Three days with ZooKeeper hasn't made me an expert so chime in if I have misunderstood how ZK works.
ZooKeeper would be a fantastic fit for VoltDB if we could ask VoltDB users to provide a working ZK cluster. Unfortunately we can't make VoltDB any more difficult to use and deploy. Any plan to integrate ZooKeeper into VoltDB in a way that is invisible to users will run into one of several issues.
VoltDB allows you to replace any failed node with a new node. ZooKeeper requires that you replace a failed node with a new node with the same address. Theoretically you can mask this with DNS, but it isn't possible for VoltDB to do those DNS manipulations for the user. See https://issues.apache.org/jira/browse/ZOOKEEPER-107
Operationally it is possible to massage a ZooKeeper cluster into accepting a node with a new address and it is even possible to expand a ZooKeeper cluster, but the process is not well documented and involves bouncing several node several times with several different configs. I plumbed the mailing list and found a description of two ways to do it, but I am not confident it is something I could automate correctly in the face of concurrent failures. After failures we would have to pause the cluster and rebuild ZooKeeper for the new cluster topology (all without the aid of ZooKeeper).
Another issue is that ZooKeeper can't tolerate failures in a two nodes cluster while VoltDB can. If a node fails in a two node cluster then the blessed node will continue (if it wasn't the failed node) or the cluster will shut down. We would need ZooKeeper to match this behavior which entails the rebuild process from the previous paragraph.
The last issue is that ZooKeeper requires a quorum, and not a quorum of the available nodes, but a quorum of the original nodes when the ZooKeeper cluster was started. With a k=2 VoltDB cluster it is possible to lose 2 of the 3 nodes and still continue operating if the nodes don't fail at the same time. When the first node fails the two survivors agree to boot the third, and when the 2nd node fails the blessed one would be the one to continue operating.
I am sure that with enough hacking we could make ZK do our bidding, but it is starting to seem like implementing a simpler ephemeral agreement service might be easier. Right now I am looking into what parts of ZooKeeper can be reused for this. It seems like replacing QuorumPeer with something based on the VoltDB agreement model might work and would provide the same guarantees in the face of failure. I need to finish understanding QuorumPeer before I can decide if I should enhance it to support what we need or replace it. It may be that adding some smarts for new peers and replacing the leader election algorithm is enough.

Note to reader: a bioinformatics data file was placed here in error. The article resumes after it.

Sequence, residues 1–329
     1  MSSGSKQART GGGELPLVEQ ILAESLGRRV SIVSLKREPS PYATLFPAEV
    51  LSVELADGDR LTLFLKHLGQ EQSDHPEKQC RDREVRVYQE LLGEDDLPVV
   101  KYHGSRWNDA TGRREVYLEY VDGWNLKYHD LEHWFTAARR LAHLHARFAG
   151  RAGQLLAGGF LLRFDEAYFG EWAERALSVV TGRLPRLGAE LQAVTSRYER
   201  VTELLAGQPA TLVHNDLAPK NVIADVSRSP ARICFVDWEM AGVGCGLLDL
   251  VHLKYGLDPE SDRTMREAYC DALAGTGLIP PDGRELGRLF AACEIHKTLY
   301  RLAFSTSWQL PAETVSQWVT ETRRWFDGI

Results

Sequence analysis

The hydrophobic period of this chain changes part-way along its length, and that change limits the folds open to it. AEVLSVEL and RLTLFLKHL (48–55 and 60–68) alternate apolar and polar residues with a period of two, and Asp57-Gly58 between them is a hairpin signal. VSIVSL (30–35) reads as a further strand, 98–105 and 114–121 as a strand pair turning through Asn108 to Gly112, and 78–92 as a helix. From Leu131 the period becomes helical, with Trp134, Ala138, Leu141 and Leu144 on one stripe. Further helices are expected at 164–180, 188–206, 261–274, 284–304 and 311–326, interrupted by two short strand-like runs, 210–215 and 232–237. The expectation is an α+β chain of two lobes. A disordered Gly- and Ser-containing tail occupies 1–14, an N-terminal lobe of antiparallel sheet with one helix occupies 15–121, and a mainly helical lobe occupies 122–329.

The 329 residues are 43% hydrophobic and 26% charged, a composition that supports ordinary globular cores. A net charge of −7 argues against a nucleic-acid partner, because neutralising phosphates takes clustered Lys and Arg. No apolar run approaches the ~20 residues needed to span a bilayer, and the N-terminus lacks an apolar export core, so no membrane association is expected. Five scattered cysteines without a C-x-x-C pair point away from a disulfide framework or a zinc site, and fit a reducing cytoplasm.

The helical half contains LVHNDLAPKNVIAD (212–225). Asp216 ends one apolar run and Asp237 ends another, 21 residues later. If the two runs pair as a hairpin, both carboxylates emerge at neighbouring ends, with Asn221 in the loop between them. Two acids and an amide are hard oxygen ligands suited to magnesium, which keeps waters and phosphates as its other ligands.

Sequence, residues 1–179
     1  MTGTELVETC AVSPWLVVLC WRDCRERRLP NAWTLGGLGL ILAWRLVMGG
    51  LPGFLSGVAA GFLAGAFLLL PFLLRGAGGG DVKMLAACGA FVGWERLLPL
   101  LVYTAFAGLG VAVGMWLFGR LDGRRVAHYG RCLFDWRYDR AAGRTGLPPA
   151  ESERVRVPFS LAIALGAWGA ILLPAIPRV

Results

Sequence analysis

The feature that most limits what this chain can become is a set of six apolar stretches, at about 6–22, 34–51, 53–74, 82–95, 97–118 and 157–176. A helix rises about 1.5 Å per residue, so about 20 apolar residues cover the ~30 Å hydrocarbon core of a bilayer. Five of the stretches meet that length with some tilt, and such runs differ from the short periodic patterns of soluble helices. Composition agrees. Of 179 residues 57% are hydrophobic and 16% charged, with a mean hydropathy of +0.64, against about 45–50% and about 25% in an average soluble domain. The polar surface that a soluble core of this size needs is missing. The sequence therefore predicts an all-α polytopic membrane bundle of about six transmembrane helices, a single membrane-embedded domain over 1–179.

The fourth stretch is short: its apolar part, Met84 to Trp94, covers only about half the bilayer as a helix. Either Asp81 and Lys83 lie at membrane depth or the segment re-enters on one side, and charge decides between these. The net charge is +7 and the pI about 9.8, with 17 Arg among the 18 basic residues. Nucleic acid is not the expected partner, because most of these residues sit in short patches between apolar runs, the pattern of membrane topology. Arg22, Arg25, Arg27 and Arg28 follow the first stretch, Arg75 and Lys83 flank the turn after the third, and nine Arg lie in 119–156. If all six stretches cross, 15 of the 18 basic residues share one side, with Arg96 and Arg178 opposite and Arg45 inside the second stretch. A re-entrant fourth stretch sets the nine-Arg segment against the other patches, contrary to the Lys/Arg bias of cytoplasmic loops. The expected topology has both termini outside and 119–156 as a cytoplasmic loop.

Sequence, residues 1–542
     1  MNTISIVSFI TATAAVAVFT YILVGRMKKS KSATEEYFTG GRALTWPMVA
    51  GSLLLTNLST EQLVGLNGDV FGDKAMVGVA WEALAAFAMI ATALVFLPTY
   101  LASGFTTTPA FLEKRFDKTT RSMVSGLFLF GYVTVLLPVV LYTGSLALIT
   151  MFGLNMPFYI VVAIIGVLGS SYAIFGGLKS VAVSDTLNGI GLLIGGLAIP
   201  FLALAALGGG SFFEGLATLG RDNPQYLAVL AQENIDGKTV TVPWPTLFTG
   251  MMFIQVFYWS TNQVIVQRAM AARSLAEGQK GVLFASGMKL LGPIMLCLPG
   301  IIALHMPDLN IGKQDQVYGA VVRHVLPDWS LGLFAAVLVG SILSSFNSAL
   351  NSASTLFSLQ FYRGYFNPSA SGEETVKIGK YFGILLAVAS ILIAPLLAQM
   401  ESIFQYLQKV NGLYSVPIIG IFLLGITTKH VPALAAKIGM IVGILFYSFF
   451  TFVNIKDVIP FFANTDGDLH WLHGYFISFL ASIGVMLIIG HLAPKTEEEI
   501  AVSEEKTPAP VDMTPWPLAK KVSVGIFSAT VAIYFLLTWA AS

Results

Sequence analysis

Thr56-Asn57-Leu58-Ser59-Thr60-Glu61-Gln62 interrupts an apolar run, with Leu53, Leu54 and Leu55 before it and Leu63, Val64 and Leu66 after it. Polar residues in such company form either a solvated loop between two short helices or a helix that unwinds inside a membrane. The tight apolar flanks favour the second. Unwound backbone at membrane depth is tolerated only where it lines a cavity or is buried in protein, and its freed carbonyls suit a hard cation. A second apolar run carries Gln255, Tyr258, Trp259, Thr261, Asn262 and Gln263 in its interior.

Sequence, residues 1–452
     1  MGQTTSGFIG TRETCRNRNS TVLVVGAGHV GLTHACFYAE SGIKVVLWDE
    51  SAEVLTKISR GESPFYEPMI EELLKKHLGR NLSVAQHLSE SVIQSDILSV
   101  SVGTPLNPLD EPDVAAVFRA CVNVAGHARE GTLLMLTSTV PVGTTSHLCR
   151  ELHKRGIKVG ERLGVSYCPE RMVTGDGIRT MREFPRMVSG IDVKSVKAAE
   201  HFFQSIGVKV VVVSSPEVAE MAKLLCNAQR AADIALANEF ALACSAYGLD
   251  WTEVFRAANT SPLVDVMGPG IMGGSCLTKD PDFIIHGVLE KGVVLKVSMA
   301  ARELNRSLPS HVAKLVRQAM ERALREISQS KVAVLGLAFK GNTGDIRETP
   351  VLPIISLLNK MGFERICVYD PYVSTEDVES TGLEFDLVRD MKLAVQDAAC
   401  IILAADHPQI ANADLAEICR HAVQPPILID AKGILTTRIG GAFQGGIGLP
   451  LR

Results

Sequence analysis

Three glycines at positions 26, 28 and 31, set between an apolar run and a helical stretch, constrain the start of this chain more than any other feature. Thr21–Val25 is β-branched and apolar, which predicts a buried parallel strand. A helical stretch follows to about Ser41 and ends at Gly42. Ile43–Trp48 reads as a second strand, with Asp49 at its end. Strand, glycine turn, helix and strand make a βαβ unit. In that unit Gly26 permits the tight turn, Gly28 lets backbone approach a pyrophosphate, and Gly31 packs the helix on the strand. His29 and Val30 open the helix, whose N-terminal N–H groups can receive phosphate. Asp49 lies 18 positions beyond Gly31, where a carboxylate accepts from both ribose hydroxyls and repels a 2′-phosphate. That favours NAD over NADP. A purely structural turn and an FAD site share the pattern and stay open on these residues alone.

Interestingly, ZooKeeper is very similar to a single partition many replica VoltDB when it comes to its durability strategy. ZK has in-memory storage that is not designed to swap, a command log that records mutations, and occasional snapshots of the entire in-memory structure to truncate the command log. VoltDB does the exact same thing with the addition of SQL, stored procedures, distributed txns, and a different agreement model. ZK uses a quorum approach to improve latency in the face of inconsistently performing nodes, but that is trading off space for speed which wouldn't work for VoltDB (txns must be fully replicated) where the expectation is that you will be storing more than just metadata.
Improved latency isn't a priority for VoltDB's agreement model because latency inside a single partition stored procedure is measured in microseconds. Instead it optimizes for throughput, cluster size, and synchronous replication with the expectation that the latency of invoking a single stored procedure is equivalent to or better than the latency of the multiple round trips required when not using a stored procedure.